INDIANAPOLIS (AP) Jeff Kyle raced up to 150 mph during a recent charity drive at Texas Motor Speedway, a welcome relief for the former Marine.

''Yeah, I wasn't getting shot at, so it was a good thing,'' he said.

The brother of famed ''American Sniper'' Chris Kyle will be honored this weekend at the NASCAR race at Indianapolis Motor Speedway. The race at the Brickyard is officially named ''The Crown Presents the Jeff Kyle 400'' after Kyle was selected over a list of other nominees.

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Chris Kyle and his friend, Chad Littlefield, were shot to death by former Marine Eddie Ray Routh in 2013 at a Texas gun range. Jeff Kyle serves as a board member of American Valor, the foundation that runs the memorial benefit to honor his brother, a Navy SEAL whose memoir was turned into an Oscar-nominated movie.

''It's a huge honor for me to able to continue on with something my brother started,'' Kyle said.

On Friday, Indianapolis will dye a downtown canal purple in Kyle's honor as well as for all past and present men and women of the U.S. military. Mayor Gregory Ballard will present Kyle with a proclamation declaring that July 24 will be ''Jeff Kyle Day'' in Indianapolis. The canal will remain purple for the remainder of race weekend.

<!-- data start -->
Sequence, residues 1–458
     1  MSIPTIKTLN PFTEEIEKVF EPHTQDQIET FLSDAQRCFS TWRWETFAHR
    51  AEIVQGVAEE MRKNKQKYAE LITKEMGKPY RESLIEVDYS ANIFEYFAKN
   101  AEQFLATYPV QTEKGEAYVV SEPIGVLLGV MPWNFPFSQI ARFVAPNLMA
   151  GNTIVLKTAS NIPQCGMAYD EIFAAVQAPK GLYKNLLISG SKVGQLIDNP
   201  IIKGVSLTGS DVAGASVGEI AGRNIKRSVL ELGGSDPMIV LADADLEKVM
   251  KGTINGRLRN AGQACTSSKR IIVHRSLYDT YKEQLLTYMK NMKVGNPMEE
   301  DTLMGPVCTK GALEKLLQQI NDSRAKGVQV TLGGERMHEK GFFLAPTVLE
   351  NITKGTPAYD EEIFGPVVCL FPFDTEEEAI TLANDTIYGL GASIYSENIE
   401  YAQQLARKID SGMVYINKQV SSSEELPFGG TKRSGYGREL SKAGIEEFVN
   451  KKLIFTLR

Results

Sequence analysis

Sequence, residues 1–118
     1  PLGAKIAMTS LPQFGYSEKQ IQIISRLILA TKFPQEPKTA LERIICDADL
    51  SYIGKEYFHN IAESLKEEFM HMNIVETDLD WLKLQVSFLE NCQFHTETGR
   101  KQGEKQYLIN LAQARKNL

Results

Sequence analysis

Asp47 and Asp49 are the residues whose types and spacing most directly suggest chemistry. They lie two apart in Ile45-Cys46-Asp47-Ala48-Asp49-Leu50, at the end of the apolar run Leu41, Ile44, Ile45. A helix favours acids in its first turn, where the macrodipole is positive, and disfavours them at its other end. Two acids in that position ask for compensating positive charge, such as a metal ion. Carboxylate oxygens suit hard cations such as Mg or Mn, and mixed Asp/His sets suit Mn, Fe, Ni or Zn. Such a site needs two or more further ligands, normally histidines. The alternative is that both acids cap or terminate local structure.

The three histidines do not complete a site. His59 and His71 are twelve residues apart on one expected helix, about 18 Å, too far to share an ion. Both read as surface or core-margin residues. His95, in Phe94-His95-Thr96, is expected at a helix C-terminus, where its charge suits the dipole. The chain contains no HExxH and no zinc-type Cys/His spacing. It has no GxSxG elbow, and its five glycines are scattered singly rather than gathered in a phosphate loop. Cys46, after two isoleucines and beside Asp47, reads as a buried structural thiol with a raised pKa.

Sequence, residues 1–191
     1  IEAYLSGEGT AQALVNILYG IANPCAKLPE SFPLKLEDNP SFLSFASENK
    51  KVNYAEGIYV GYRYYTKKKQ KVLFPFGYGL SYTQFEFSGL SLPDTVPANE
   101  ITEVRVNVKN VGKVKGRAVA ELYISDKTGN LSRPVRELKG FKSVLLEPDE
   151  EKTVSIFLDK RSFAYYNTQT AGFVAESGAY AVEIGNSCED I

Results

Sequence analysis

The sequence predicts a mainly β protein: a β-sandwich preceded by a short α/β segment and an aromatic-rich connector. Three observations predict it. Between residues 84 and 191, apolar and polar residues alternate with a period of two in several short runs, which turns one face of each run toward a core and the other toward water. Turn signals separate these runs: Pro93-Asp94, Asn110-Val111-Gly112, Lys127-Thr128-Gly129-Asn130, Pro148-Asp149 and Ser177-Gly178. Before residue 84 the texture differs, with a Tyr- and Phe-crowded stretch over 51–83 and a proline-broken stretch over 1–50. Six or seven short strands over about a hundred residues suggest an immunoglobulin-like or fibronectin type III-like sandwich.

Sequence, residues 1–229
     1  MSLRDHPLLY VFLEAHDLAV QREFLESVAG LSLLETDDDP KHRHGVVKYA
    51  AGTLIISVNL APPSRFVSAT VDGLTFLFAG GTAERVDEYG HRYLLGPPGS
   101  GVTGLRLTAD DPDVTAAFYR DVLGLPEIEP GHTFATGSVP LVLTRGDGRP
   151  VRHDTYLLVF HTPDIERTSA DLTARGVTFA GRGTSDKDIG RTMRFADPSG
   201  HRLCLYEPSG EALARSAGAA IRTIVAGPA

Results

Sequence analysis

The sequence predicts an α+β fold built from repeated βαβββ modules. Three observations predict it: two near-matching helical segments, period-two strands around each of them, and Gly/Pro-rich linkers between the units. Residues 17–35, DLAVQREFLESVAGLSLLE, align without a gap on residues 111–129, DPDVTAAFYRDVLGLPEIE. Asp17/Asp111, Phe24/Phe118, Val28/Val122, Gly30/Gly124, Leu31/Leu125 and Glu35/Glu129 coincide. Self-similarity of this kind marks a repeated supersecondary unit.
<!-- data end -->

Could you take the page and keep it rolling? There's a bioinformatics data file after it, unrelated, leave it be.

The 37-year-old Kyle, of Lorena, Texas, is a Marine Corps sergeant who served from 2000-08 in the infantry and reserves. He received the Navy Achievement Medal, and he was deployed to Iraq twice, along with Africa and several other locations overseas.

Kyle, played by Keir O'Donnell in the movie adaptation of ''American Sniper,'' has never attended a NASCAR race.

''I've had a lot of people come up to me and tell me who I need to meet,'' he said. ''I've heard just great things about all of them, the NASCAR fans, what type of people they are. Just kind of like-minded with folks like myself. I want to meet as many of them as I can.''

He was nominated by John Wayne Walding, another veteran who was last year's namesake in Crown Royal's annual ''Your Hero Name Here'' program.

''I don't consider myself a hero,'' Jeff Kyle said. ''I did what I did. I had a job to do and I did it. All the guys that were there, they did the same thing. You ask any veteran, they'd probably say the same thing. They're not heroes. To me, the heroes are the ones that didn't come.''

Kyle was irked when presidential hopeful Donald Trump recently said of war prisoners after a question about GOP rival Sen. John McCain: ''I like people who weren't captured.''

''That kind of rubbed me a little raw,'' he said. ''I don't expect anything less from Trump. They're all idiots anyway. I think he would by far be a better president than what we have now. At least he's not a coward.''

Few sports embrace the military like NASCAR. It's one reason why Kyle can't wait to hit the Brickyard.

''I just want to take it all in and experience all of it,'' he said.